Faber-Castell Polychromos Pencils
on Canson Pastel Paper
Thanks to my reluctance to start, I procrastinated like a pro. I answered email, cleaned my house, wrote more poetry; anything to avoid drawing. Finally the day came when I either had to get to work or go to my group empty-handed, aka "being a quitter." Not my favorite option. So with deep misgivings I started in with just one. Hmm. Not so bad. So I tried another. And another. And before I knew it I had drawn all four. Hey, I did it! Which made me realize:
- Repetition is valuable. One of the main things holding me back was fear of boredom: how could I draw four similar shells without losing my mind? The truth, however, was very different: first, the shells were NOT similar, and second, by repeating the process several times my technique improved as I got to the last shell. Practice, practice, practice! Whether you want to improve your drawing, write exciting action scenes or learn the intricacies of arranging a pantoum, it takes more than one attempt to get it right.
- Don't hide away in your "I can't do it" shell. Rather than setting yourself up for failure by aiming for the most incredible work in the whole of human history, start a dreaded project by drawing or writing in your most basic style: just get some shapes or words down on paper. Once that's done, tweak a little here, add a little there--before you know it your right-brain will be engaged and intrigued with all the possibilities. At this point, I dare you to stop.
- Shells make great writing and art journal prompts. The first time I wrote about a seashell in my art journal was an entry about playing with my grandmother's collection of shells from the Gulf of Mexico when I was a little girl. I loved holding those shells to my ear and "listening to the sea." You might have a similar memory, or you might want to write about your first trip to the beach, or your own collection of seaside finds. On the fiction side, including a seashell in a short story, poem, or novel could trigger all sorts of themes, associations, and plot twists--especially if the shell is rare and valuable!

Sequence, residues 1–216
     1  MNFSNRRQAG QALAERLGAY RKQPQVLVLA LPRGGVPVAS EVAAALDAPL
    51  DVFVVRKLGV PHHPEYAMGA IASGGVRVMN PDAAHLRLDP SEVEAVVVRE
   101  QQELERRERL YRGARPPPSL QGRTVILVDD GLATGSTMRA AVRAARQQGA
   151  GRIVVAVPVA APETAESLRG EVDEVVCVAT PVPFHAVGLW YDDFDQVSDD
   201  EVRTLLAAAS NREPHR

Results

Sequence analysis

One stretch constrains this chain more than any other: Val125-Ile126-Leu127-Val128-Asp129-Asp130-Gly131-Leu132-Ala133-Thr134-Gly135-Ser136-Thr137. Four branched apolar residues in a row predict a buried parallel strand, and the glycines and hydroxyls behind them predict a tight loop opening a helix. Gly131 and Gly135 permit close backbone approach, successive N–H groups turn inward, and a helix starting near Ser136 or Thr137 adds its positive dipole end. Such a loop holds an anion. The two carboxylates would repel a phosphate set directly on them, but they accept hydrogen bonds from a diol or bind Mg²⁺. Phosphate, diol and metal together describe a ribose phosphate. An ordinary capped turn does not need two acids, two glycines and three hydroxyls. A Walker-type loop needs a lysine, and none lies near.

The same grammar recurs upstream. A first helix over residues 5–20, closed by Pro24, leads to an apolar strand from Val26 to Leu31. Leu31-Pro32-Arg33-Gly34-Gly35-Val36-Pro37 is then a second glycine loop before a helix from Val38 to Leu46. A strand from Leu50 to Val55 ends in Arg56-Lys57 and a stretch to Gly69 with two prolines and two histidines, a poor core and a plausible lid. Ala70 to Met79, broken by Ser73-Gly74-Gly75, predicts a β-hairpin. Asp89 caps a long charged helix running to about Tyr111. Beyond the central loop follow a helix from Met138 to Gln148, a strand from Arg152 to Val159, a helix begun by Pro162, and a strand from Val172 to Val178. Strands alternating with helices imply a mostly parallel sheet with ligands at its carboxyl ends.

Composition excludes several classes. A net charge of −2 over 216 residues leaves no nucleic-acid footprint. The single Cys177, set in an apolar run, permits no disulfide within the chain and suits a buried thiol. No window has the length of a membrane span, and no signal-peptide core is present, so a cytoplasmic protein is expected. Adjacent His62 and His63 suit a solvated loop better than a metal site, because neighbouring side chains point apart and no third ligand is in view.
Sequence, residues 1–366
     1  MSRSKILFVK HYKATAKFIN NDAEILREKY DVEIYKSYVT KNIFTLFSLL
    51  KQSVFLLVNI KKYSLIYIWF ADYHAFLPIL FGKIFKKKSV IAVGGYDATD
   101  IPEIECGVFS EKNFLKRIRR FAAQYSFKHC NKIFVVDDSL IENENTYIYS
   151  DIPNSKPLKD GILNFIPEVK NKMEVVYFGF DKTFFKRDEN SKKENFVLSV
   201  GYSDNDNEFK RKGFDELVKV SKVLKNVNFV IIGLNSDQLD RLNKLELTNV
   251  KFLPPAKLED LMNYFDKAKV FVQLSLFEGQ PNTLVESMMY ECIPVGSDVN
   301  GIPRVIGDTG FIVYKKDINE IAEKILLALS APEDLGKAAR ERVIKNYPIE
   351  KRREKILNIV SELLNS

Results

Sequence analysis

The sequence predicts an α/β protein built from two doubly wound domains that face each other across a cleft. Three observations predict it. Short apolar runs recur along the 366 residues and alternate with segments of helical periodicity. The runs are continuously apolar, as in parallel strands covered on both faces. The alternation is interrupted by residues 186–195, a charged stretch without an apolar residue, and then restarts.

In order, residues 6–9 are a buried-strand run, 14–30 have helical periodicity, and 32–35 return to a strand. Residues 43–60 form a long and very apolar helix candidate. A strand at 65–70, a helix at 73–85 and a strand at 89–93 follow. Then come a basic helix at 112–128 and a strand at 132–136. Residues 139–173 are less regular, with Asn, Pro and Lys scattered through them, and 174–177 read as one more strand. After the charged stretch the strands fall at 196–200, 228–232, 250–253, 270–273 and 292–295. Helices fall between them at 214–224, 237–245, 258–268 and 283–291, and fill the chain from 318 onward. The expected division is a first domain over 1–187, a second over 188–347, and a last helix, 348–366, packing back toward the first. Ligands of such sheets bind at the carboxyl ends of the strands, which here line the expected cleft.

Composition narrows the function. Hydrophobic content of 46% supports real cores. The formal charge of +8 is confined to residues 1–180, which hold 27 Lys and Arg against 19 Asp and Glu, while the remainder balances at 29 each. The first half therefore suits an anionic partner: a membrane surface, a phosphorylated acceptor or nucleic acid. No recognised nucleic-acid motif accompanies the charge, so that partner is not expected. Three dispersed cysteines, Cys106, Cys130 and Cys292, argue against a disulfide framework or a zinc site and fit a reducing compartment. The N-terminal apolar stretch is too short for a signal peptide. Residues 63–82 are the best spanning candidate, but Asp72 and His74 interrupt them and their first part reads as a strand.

- Artwork isn't always about drawing. How about brushing some ink or paint onto a shell and using it as a stamp in your art journal or mixed-media piece? Or pressing a shell into earthen or polymer clay? Drilling a hole into the top of a shell to add to a jewelry piece? Or simply painting and/or collaging the shell itself for a whole new look?
- Using shells for meditation and mindfulness. No matter how small or seemingly insignificant, there's something profound about a seashell. Whether it's the patterning, the colors, or just the fact it once housed and protected some small and distant creature, shells make a good start to pondering life's mysteries. Add them to household altars, your writing room or studio, your garden or any other kind of creative sanctuary you like to visit. Personally I like to keep them all over the house in various nooks and crannies.
Tip of the Day: One of the things I love about drawing is how it relaxes and pulls me into what I could almost call a different dimension. Memories; new ideas for writing; the book I'm currently reading: my mind seems to just float along with the tide. While I was working on my seashell piece I was reminded of one of my favorite books that I hadn't thought of for a long time: Anne Morrow Lindbergh's Gift from the Sea. If you've never read it, or haven't read it for a long time, I can't think of a better text to check out for summer inspiration. Enjoy!